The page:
‘When a Maltese person wants to insult an antagonist, one way of doing so would be to label him a ‘purċinell’. To many, this may seem like nothing more than a simple expression but, to me, it is obvious that it’s a corruption of the name of a Neapolitan clown in Commedia dell’Arte, Pulcinella.’
In his first book, Narcy Calamatta, one of Malta’s longest-serving actors and directors, takes readers on a journey through the history of Commedia dell’Arte in Malta – a theatre genre that was born in the village squares of medieval Italy. But he also goes a step further by sharing four original plays in the Commedia dell’Arte idiom, a rare occurrence in a genre in which the scripts are traditionally impromptu and based simply on a list of scenes embroidered on a piece of cloth.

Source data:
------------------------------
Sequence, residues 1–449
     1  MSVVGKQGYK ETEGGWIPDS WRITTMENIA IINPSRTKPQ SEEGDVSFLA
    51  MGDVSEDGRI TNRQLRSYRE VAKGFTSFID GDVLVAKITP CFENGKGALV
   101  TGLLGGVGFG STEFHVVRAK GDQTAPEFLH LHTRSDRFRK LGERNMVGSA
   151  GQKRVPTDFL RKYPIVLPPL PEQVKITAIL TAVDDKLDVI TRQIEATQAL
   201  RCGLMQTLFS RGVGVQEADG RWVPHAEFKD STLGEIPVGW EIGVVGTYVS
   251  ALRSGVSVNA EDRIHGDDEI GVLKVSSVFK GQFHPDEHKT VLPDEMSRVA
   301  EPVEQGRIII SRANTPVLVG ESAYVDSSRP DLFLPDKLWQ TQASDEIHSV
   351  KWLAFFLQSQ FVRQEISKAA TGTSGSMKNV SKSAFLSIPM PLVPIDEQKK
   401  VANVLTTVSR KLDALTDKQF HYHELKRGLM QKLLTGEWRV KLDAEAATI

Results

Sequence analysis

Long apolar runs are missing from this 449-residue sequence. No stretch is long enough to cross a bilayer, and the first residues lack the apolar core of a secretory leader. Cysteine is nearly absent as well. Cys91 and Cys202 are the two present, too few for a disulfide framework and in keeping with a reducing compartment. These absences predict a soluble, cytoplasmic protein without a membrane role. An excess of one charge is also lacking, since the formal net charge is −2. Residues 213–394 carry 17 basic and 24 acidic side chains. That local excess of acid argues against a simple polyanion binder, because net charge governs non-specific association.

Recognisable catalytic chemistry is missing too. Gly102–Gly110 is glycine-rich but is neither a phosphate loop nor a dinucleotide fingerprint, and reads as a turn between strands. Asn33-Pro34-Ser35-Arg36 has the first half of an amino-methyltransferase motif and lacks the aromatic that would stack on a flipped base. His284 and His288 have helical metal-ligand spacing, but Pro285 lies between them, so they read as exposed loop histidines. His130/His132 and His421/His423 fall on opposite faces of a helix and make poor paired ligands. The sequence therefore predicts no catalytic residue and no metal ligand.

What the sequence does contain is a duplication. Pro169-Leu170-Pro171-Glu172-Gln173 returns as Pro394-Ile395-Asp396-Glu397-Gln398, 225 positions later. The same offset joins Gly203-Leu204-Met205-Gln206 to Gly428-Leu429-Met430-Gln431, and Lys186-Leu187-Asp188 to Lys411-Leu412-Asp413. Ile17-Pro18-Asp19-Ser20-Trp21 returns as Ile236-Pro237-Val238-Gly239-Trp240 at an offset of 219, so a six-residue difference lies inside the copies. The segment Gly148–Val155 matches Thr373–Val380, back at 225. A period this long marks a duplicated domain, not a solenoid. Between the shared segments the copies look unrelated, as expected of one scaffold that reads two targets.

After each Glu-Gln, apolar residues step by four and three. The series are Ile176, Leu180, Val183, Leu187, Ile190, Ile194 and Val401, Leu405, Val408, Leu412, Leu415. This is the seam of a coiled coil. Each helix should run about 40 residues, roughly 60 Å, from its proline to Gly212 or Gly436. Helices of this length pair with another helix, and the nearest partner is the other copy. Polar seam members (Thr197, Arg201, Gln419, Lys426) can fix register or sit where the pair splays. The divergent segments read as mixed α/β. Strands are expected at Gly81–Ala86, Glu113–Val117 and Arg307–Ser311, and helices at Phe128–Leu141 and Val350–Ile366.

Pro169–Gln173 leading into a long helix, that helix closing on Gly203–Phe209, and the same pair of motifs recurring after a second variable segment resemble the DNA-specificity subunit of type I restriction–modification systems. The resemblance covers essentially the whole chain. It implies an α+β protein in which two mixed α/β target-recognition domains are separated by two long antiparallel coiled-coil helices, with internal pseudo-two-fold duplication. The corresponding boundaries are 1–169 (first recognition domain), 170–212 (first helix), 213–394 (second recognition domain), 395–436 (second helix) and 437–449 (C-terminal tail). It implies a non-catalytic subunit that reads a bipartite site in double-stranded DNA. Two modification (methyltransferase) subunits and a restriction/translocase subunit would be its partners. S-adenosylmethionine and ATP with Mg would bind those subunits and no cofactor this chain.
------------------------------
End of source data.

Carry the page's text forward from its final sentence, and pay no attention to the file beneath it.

To perpetuate his love for Commedia dell’Arte with audiences far and wide, the author has forfeited his claim to copyright on this book, allowing both professional and amateur theatre troupes, locally and abroad, to make use of them as they see fit.